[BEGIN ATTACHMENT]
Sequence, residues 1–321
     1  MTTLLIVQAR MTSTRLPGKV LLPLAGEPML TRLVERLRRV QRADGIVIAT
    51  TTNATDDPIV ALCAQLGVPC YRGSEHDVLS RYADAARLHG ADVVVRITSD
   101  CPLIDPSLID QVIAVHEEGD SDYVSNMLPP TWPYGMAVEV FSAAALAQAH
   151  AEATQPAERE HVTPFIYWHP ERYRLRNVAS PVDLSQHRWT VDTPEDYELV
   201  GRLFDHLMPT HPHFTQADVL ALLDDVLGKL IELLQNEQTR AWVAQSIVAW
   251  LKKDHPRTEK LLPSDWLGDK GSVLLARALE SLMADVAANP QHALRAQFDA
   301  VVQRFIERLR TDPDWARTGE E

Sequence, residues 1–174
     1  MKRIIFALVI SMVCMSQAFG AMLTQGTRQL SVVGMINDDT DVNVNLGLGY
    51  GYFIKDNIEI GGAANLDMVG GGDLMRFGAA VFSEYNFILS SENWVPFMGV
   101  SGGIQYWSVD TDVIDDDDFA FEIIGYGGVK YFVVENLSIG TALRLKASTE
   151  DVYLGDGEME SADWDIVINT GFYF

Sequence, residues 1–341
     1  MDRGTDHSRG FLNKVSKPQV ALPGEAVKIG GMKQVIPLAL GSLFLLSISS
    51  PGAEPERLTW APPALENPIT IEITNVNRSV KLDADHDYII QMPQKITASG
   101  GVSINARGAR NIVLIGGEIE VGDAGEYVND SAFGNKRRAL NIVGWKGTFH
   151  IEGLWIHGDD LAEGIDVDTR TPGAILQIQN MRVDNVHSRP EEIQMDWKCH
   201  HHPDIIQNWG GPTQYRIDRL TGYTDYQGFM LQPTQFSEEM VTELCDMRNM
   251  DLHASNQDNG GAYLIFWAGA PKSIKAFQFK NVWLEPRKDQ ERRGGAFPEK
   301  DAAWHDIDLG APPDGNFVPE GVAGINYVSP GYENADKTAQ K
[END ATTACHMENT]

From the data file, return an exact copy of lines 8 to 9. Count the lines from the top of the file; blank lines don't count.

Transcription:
   301  VVQRFIERLR TDPDWARTGE E

Sequence, residues 1–174